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Worst case Brexit could see thousands of jobs lost – Ulster Bank economist

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Simon Barry, Chief Economist Republic of Ireland, Ulster Bank

Simon Barry, Chief Economist Republic of Ireland, Ulster Bank

Simon Barry, Chief Economist Republic of Ireland, Ulster Bank

A worst case Brexit scenario could see thousands of jobs lost in Ireland, according to Simon Barry, chief economist at Ulster Bank Ireland.

At a Brexit seminar hosted by the British Irish Chamber of Commerce at Ulster Bank in Dublin, Mr Barry said IDA Ireland figures showed that more than 55 firms, promising to create as many as 4,500 jobs, had invested in Ireland.

However, he warned that unemployment could run into thousands in a worst case Brexit.

In order to mitigate against Brexit, Ireland needs to fully understand our exposure to the UK, and pursue other markets for growth, he added.

"Being able to spread the risk offers firms mitigation; but this is difficult for companies to achieve, and it can't be done overnight."

With 64 days to go before Brexit, Mr Barry told delegates that the UK economy was starting to see Brexit impact confidence levels.

"The further the UK ends up away from the current status quo, the bigger the damage facing the Irish economy," Mr Barry said.

He added that the Irish economy was facing an economic loss of between 2pc-7pc, however Mr Barry said in a really adverse scenario the impact "could be much worse."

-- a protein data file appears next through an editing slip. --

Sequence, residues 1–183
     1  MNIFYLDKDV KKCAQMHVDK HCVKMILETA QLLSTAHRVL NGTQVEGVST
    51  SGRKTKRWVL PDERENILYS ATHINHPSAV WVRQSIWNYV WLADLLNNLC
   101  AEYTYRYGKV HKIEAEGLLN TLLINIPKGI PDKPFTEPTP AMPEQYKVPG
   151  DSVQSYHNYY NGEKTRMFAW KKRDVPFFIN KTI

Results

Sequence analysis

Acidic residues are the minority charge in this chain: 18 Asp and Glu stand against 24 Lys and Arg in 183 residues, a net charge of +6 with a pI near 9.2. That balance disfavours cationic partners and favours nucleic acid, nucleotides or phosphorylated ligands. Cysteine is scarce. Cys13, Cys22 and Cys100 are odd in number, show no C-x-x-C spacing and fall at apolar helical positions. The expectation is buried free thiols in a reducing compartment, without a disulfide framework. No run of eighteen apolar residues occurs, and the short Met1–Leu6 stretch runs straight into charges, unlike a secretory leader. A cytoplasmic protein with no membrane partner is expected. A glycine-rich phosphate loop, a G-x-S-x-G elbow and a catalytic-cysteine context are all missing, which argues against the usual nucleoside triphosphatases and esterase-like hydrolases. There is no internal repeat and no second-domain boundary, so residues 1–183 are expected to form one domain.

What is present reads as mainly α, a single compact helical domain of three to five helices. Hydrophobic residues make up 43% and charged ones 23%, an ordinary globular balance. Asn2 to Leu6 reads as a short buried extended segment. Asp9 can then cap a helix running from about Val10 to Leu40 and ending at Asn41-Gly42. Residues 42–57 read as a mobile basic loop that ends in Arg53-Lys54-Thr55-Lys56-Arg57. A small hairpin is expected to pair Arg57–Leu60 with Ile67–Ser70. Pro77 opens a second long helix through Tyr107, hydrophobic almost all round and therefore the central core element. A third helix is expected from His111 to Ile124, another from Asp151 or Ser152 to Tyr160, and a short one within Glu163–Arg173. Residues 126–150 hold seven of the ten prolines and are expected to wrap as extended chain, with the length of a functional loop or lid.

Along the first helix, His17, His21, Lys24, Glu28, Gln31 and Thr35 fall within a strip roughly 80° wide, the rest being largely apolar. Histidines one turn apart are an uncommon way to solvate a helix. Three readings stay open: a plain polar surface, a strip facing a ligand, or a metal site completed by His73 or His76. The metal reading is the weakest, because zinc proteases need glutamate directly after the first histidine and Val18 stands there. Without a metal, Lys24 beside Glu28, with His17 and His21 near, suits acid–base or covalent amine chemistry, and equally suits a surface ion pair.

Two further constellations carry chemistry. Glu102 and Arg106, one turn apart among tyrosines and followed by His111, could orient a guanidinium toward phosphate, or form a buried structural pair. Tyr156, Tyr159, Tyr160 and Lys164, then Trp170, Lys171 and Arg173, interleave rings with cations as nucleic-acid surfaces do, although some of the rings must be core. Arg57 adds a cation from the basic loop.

Meanwhile Michael Hodson, director of asset management and investment banking at the Central Bank, said the regulatory would not reduce its standards when examining applications from companies that wish to set up in Ireland before the UK leaves the EU on March 29.

Mr Hodson said the Central Bank remains committed to its regulatory gate keeper role, and while it continues to engage with companies that are looking at establishing in Ireland, "at this late stage we have to concentrate on firms that heeded our advice and engaged with us in a timely manner," he added.

"We have no appetite for firms who have not done the work, or for firms that have no real intention in setting up a substantial business in Ireland, but rather just see their authorisation as a last resort for a hard Brexit".

The event was opened by Minister for Financial Services and Insurance Michael D’Arcy TD, who told delegates that a no deal outcome to Brexit would be "the worst possible outcome" for Ireland, the UK, and the EU, describing Brexit as "a huge challenge".

"Brexit is the overarching challenge for Ireland right now," Minister D’Arcy said.

Noting the country’s close trading and geographical proximity to the UK, Minister D’Arcy said he looking forward to Ireland "trading with the UK with a new structure."

"The Government has been consistent that there will be closest possibly relationship between Ireland and UK," he said.

He also noted that the challenge of Brexit was bringing opportunities for Ireland in the form of companies looking to establish here, including Barclays Bank, JP Morgan, and Bank of America Merrill Lynch.

He added that the Government would "continue to leverage its strategy to maximise opportunities to attract financial services."

Online Editors